But, as Jereann would tell us, the quilts of Gee’s Bend did not have their roots in Alabama. In fact, the ancestors of the Gee’s Bend quilters originally were forced to walk from Halifax County to Boykin. Captain Gee, during the expansion of the 1840s, and the original gold rush towards Georgia and Alabama, pushed westward from Halifax county to the Bend in the Alabama River with around 70 enslaved people. The only people who rode were the cook and Captain Gee. Everyone else walked, an odyssey of roughly 740 miles. After arriving, Gee only lived for 5 years or so, and his nephew inherited the plantation. Being in debt, he was forced to sell to the Pettways, whose surname is still carried by the members of the Gee’s Bend quilting collective, with Maryanne Pettway being the most recognized member. Some time ago, Jereann met a tall, white man in the grocery store who mentioned that he had read Belle, The Last Mule in Gee’s Bend, which featured the Pettways. He was related, and his heritage had happened to cross paths with the deeply rooted quilt community in Warrenton, NC.

On our way out of the Hendrick House, Jereann pointed out a quilt with a history of WVSP-Radio Warrenton. In 1976, Valeria and Jim Lee founded WVSP, a non-commercial radio station that broadcast from the small town of Warrenton, North Carolina, about one hour north of Durham on Interstate 85. From 1976 until WVSP’s closing in 1986, the Lees focused their energies on using radio as a tool for political and cultural empowerment in rural northeastern North Carolina.

As Valeria explained in a 2007 interview she and Jim launched WVSP as a vehicle for “community development…[and] justice work.” The station devoted its programming to progressive reporting on political and social issues and a wide range of musics, most prominently African American genres like jazz and blues, which rarely received airtime on commercial radio in the 1970s and 1980s South. She pointed out a Durham jazz great, Brother Yusuf Salim, who played on Chapel Hill Street, in a small jazz club called “The Salon,” where Jereann and others would go.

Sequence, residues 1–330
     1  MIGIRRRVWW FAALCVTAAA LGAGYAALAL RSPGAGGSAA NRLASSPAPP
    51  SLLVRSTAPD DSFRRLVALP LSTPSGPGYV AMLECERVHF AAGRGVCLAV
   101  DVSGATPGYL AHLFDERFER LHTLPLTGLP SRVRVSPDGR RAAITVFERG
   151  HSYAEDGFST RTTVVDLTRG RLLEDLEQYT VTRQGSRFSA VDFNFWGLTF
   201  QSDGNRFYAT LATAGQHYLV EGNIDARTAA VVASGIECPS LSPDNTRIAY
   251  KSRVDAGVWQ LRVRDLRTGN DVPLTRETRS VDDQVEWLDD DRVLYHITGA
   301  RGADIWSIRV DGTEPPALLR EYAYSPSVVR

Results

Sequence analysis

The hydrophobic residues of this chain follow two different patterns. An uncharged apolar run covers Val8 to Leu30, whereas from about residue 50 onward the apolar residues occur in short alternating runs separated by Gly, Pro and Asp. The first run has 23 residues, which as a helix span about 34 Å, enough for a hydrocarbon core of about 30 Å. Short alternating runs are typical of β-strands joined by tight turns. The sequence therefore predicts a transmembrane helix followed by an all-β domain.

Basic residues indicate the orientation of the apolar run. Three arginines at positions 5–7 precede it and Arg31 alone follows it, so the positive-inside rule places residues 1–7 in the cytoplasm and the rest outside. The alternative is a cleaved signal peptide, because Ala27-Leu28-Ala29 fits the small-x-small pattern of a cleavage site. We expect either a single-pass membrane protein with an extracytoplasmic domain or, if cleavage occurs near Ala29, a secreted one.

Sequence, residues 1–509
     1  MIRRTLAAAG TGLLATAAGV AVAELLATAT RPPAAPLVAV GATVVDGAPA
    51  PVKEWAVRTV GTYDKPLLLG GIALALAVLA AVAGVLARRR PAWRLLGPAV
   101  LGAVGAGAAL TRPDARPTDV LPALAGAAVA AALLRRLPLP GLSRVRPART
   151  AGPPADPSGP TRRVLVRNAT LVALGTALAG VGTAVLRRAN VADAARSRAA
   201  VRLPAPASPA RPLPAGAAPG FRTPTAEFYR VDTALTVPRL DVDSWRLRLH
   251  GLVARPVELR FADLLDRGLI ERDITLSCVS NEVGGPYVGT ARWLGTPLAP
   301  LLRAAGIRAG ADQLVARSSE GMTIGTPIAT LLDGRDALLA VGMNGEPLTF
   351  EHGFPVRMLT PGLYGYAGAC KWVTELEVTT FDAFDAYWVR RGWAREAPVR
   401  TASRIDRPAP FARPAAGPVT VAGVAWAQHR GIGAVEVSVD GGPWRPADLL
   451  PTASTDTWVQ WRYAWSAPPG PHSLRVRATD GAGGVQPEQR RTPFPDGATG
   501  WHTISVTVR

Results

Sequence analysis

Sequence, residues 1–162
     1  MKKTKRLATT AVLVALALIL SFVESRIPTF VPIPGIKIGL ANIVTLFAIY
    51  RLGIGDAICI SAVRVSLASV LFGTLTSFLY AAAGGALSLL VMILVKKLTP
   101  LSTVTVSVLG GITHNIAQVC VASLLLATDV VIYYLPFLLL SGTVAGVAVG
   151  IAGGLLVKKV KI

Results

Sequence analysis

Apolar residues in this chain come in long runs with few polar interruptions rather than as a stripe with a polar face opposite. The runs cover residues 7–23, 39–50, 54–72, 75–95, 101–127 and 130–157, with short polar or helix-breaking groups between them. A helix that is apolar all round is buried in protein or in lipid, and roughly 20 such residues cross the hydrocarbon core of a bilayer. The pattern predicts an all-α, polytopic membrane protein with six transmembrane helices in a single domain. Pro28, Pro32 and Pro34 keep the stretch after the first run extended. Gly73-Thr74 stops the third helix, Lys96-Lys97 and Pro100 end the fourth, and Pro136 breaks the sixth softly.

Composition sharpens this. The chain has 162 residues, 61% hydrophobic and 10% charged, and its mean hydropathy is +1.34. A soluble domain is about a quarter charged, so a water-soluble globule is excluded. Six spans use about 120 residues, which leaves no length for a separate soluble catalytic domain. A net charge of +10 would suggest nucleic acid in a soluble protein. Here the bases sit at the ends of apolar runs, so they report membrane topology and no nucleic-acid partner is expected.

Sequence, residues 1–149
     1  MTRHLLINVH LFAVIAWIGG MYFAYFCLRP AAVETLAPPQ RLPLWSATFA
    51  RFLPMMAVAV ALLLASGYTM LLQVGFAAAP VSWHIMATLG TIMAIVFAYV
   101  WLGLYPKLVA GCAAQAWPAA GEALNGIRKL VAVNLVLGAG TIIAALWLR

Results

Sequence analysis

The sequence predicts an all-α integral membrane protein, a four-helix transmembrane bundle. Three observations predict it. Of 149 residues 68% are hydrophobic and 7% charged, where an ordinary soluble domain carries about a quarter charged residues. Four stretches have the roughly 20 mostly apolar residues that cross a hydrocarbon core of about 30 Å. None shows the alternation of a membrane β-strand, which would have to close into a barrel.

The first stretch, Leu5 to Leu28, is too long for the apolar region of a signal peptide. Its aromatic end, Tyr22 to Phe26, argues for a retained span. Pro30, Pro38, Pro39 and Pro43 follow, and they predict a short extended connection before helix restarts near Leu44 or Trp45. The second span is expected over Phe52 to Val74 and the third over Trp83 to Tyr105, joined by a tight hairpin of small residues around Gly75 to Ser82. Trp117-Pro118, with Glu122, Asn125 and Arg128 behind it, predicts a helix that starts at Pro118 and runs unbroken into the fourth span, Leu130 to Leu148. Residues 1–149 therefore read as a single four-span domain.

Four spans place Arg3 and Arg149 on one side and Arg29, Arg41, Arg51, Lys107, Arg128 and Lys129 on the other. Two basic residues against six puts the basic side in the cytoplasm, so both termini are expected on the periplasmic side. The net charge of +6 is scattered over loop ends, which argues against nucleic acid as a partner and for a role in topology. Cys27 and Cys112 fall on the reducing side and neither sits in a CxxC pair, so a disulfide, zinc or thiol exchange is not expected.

“We would buy bean pies and listen to the music.” -Jereann

A small picture of Jereann is embroidered into the piece. She’s wearing large, 70’s style glasses, and is flashing a laughing grin at the camera from the radio studio where she hosted a children’s show called “Tickle Me Think.” She reminisced on the station,

“I also did a prison and justice program. Valeria and Jim Lee started it, and we all did a little bit of everything.”

Jereann King Johnson at WVSP

Her stories and our conversation had moved through many topics, and while we had visited to learn about quilts, a broader story of community, protest, communication, and fellowship had emerged. But, really, that seems to be the story of quilts, a craft born of thrift. After all, what could be more revolutionary than poor people using what they have to create comfort, warmth, and meaning? For those interested in learning more about Warrenton, its quilts are a good place to start. Let them take you where they will.

Learn more about Jereann, her work, and Warrenton at our Hello NC podcast below: